It has been over three years since the first movie in the Hunger Games series made its way into theaters. Now the end is in sight — well, for now at least — and the expectations are high for the series to end on a high note. According to some early reviews, fans will not be disappointed with The Hunger Games: Mockingjay – Part 2.
Screen Rant liked Mockingjay – Part 1, giving it 3.5 stars out of 5. The film featured Jennifer Lawrence at her finest as her character Katniss Everdeen took the fight to Donald Sutherland’s President Snow and his fascistic minions. Part 2 starts where that film left off, with the novel upon which it was based having been split into two films, like Harry Potter and the Deathly Hallows and The Twilight Saga: Breaking Dawn before it.
Here’s what critics have had to say about The Hunger Games: Mockingjay – Part 2:
Forbes – Scott Mendelson
There will be essays and think pieces in the coming months about the franchise as a whole, and I may toss my hat in when it’s appropriate to discuss spoilers. But The Hunger Games is, as a whole, a defining piece of social commentary busting a hole through the very notion of the hero myth as it exists in fiction and in life. The story of the genuine and the manufactured Katniss Everdeen, existing right alongside the true and the manufactured Jennifer Lawrence, will make this whole franchise a brilliant piece for school film dissection for decades to come.
Comingsoon.net – Edward Douglas
More than making up for its disappointing predecessor, The Hunger Games: Mockingjay – Part 2 is an incredibly emotional film on many levels and a more than worthy conclusion to the series, mainly because it doesn’t shy away from finding ways to improve upon the original book.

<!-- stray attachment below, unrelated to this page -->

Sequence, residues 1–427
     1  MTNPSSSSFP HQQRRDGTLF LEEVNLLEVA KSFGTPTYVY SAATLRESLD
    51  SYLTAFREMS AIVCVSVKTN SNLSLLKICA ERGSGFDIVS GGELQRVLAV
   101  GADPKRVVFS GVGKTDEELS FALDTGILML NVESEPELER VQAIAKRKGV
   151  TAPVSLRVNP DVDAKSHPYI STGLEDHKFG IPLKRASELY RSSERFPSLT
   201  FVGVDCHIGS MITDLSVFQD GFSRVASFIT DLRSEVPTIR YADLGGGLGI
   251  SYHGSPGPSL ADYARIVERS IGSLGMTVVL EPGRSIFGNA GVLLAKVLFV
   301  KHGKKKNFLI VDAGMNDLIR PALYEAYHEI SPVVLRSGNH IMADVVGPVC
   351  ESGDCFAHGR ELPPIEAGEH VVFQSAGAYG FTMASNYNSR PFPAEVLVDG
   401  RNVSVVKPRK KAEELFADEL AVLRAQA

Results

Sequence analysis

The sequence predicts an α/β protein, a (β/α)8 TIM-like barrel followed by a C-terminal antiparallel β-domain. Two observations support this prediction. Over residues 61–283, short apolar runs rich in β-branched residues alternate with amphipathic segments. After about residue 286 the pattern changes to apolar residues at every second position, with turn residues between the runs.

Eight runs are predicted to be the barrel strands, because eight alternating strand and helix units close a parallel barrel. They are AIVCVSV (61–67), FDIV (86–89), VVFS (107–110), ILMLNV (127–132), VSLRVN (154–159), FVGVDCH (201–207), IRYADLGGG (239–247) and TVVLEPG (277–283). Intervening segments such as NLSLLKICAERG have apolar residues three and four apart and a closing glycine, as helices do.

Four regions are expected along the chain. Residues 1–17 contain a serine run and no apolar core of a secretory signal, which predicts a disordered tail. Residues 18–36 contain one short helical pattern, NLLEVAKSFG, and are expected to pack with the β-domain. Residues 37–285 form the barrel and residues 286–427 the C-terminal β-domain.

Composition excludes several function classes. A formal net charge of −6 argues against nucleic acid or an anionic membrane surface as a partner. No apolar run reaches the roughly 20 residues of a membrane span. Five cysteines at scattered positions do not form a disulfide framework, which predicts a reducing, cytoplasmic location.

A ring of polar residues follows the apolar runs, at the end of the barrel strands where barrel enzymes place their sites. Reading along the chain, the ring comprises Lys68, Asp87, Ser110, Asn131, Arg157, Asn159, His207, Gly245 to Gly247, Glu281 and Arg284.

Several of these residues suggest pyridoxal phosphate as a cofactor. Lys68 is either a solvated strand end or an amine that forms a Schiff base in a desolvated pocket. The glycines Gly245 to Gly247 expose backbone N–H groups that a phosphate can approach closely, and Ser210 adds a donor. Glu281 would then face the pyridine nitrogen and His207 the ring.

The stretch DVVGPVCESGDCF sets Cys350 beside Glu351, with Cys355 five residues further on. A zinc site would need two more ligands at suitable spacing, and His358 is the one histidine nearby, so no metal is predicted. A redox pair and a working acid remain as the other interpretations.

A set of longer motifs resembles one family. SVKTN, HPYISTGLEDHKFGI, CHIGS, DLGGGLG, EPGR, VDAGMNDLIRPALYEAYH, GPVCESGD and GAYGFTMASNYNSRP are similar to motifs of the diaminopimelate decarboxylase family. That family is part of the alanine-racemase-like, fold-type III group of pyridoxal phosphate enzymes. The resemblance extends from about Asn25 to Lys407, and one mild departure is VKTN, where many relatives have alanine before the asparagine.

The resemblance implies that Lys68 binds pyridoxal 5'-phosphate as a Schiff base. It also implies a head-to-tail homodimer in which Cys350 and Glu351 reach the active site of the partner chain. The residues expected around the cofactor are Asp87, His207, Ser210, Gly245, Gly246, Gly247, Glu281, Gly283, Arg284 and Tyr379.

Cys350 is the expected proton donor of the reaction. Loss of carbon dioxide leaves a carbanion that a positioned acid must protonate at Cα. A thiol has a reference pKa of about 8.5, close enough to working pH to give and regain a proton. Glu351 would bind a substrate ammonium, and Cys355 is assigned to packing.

Variety – Peter Debruge
One could argue that “Mockingjay” didn’t really merit being split in two (and surely a single three-hour movie could be made of it), but we benefit from the fact that the film has been given room to breathe, which allows for subtle character moments — including a nice bonding scene between Katniss and standoffish fellow victor Johanna (Jena Malone) that substitutes for their having been roommates in the book — and the gradual building of suspense during the actual siege in the Capitol.
Not all the reviews were so glowing. Entertainment Weekly‘s Leah Greenblatt found the movie to be too dark, a criticism that has been leveled at the series in the past given its target demographic:
The first two films managed the challenge of visually presenting the books’ violence without tipping into territory their target demo couldn’t handle. Mockingjay, though, strays too far into darkness: With its political power struggles and prodigious body count, all rendered in a thousand shades of wintry greige, the movie feels less like teen entertainment than a sort of Hunger Games of Thrones.
Uproxx‘s Mike Ryan, however, found that the message of female empowerment overwhelmed the darkness:
These movies represent something good. (Not the plot of killing kids in an arena for sport, but I will just assume at this point you understand my point.) Maybe, for some young viewers who love Katniss — and, for that matter, Jennifer Lawrence herself, who has been very outspoken on women’s rights— a character (or actor) like that can put the odds a little more in her favor.
Overall, audiences probably know going into The Hunger Games: Mockingjay – Part 2 whether or not they’re going to like it. Anyone who wasn’t into the three previous movies in the series isn’t going to be won over by this one, but in fixing some of the pacing issues of its source material, director Francis Lawrence has made a movie that is generating plenty of positive buzz from critics.
The Hunger Games: Mockingjay – Part 2 hits theaters on November 20th, 2015.
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